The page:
The American Dental Association announced Monday a new policy that supports limiting opioid prescriptions and mandating continued education for dentists who prescribe the painkillers and other controlled substances.
“As president of the ADA, I call upon dentists everywhere to double down on their efforts to prevent opioids from harming our patients and our families,” ADA President Dr. Joseph P. Crowley said in a statement. “This new policy demonstrates ADA’s commitment to help fight the country’s opioid epidemic while continuing to help patients manage dental pain.”
The ADA’s policy states it supports statutory limits on opioid dosage and prescriptions that last no longer than seven days for the treatment of acute pain. The policy is consistent with the Center for Disease Control and Prevention’s guidelines.
Most opioids prescrptions are written by physicians and other medical professionals for the treatment of long-term pain, but dentists with an appropriate license can also prescribe the drugs, according to the ADA. Dentists most often prescribe opioids for the management of short-term pain, such as severe tooth decay, extraction of teeth and root canals.
In 1998, dentists were the top specialty prescribers of opioid pain relievers, accounting for 15.5 percent of all U.S. opioid prescriptions, according to the ADA. By 2012, that number dropped to 6.4 percent.
In an interview last week on Chicago Tonight, Health and Human Services Deputy Secretary Eric Hargan said the agency is working to provide more information to the medical community as part of its efforts to curb the over prescription of opioids.
“We’re trying to educate people – individuals – that these things are not entirely safe that there are a lot of downsides to long-term use of prescription opioids while also maintaining the fact that we have to keep our judgment about us and make sure we understand there are people in chronic pain and acute pain who need access to this medication,” Hargan said.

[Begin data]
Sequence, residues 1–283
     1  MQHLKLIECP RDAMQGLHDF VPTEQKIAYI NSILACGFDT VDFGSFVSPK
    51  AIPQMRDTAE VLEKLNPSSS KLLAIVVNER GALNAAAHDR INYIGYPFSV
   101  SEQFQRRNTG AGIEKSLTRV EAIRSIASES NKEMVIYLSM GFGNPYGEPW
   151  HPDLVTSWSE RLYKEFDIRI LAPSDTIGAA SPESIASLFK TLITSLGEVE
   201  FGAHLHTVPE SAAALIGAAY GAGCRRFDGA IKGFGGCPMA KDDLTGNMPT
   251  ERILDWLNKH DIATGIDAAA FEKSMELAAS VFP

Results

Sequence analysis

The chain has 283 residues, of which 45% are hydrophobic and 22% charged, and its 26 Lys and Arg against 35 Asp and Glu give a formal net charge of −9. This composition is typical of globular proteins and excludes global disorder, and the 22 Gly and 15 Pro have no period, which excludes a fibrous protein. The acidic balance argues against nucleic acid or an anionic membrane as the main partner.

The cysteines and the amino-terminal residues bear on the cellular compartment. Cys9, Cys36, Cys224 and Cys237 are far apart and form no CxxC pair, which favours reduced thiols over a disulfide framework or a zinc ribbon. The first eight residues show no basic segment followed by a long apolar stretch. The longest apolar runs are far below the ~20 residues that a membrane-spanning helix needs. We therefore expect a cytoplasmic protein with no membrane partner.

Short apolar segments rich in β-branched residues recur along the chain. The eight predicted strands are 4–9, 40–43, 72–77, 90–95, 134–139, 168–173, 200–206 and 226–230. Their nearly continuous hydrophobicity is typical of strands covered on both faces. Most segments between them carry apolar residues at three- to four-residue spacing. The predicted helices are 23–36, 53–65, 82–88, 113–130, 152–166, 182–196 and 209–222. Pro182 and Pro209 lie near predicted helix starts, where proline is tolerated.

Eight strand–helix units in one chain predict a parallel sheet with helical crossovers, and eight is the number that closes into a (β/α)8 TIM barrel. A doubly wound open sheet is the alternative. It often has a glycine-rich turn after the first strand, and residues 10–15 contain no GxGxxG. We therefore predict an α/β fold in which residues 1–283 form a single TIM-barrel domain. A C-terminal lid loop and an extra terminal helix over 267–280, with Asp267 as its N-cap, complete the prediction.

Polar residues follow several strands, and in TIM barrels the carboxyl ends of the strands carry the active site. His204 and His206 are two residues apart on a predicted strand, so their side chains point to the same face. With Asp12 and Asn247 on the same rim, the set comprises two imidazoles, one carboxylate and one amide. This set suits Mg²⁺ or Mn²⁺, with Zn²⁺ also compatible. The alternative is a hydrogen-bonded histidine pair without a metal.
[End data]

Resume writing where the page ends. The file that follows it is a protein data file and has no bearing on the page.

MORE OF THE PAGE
A recent study in the Journal of the American Dental Association found the use of nonsteroidal anti-inflammatory drugs, like aspirin, are just as effective as – or more effective than – opioid medications for acute pain relief.
Another study published in the same journal found dentists were the leading prescriber of opioids to teens and the largest increase in dental prescriptions of opioids occurred in patients ages 11-18 from 2010-2015. In 2010, that rate was roughly 100 per 1,000 dental patients. By 2015 that rate climbed to 165 per 1,000 dental patients, according to the study. (Compare that to all age groups, which increased from 131 per 1,000 in 2010 to 147 per 1,000 in 2015, according to the study.)
“The JADA articles shine an important light on a public health epidemic from the dental perspective, and signal that while the percentage of opioids prescribed by dentists has decreased since 1998, we can continue to do even more to help keep opioids from being a source of harm,” Crowley said in a statement.
The ADA policy also supports dentists registering with and utilizing the Prescription Drug Monitoring Programs to promote awareness of controlled substances for medical purposes while deterring the misuse, abuse and diversion of these substances.
“Working together with physicians, pharmacies, other healthcare professionals, policymakers and the public, we believe it is possible to end this tragic and preventable public health crisis that has been devastating our families and communities,” Crowley said in a statement.
March 22: Health and Human Services Deputy Secretary Eric Hargan discusses his agency’s role in combating the opioid crisis.
Feb. 21: Overcoming heroin addiction is a Herculean task. How a local program is helping former addicts recover with medication.
Feb. 9: Officials battling the state’s opioid epidemic got a boost this week with the donation of a medicine that reverses the effects of opioid overdoses. In 2016, nearly 1,950 people died of opioid overdoses in Illinois.